Thrive Active — Live and on-demand bootcamps, yoga, personal training, multi-week fitness challenges and meal planning. Virtual monthly membership starts at $55. 

Sport Manitoba Fitness Centre — Live virtual interval, mobility and strength training classes offered by certified coaches. Monthly membership $25.

Skill-building

Winnipeg Sews — Group and private learn-to-sew classes for kids and adults offered via Zoom. Workshops start at $30.

Université de Saint-Boniface — Conversational French and Spanish classes for beginner through advanced level students. Eleven-week sessions start at $320 and include course materials.

Winnipeg Film Group — Virtual workshops geared at learning how to edit documentaries, compose film scores and direct movies. Prices vary.

Long and McQuade — Instructors are offering online lessons for voice, piano, guitar, woodwinds, drums and a range of other instruments. Prices average $25 per half-hour private session.

Food and drink

Kenaston Wine Market — The private wine store is running yoga classes and wine tasting sessions via Zoom. Tickets are $45 and include three bottles of wine.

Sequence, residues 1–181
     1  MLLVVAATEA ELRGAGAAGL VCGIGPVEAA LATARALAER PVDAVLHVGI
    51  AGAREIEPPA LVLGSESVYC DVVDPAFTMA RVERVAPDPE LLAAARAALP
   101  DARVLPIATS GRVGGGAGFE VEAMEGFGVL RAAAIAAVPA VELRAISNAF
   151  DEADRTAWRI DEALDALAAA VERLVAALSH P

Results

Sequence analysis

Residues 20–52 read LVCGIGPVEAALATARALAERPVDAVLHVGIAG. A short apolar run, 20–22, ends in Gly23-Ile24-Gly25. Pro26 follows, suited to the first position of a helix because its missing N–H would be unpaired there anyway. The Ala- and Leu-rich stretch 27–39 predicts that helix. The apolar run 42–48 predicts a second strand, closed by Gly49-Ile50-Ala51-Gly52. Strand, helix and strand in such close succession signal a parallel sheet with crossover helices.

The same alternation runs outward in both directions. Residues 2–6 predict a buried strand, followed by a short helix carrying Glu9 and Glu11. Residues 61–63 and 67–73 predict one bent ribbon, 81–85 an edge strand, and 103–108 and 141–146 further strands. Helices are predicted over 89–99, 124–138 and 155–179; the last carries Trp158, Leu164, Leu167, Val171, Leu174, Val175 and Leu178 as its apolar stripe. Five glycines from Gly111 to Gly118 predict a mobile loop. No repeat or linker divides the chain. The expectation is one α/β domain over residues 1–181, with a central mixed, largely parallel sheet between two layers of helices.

De Luca Fine Wines — Virtual workshops focus on different grapes and food pairings, such as chocolate and cheese. Registration and tasting kits start at $40.

It was a quintessential pandemic experience made possible by hours of behind-the-scenes work and investments by Noah Krol and Marisa Cline, the husband-and-wife owners of Peg City Yoga. Like many local entrepreneurs, they’ve had to make the jump from an in-person business model to a virtual one during the pandemic.

I tried a few local lessons to see if the virtual classroom measures up to the real thing.

Peg City Yoga has been offering online yoga classes since March and Krol and Cline have spent the last nine months accumulating recording equipment and working through technical difficulties.

"I’m very good at bodywork and teaching yoga, not necessarily working cameras and microphones," Krol says with a laugh.

Although the learning curve was steep, the effort appears to have paid off. The class I "attended" for this story was taught by Cline and had high-quality video, clear audio and a downloadable playlist to run at home.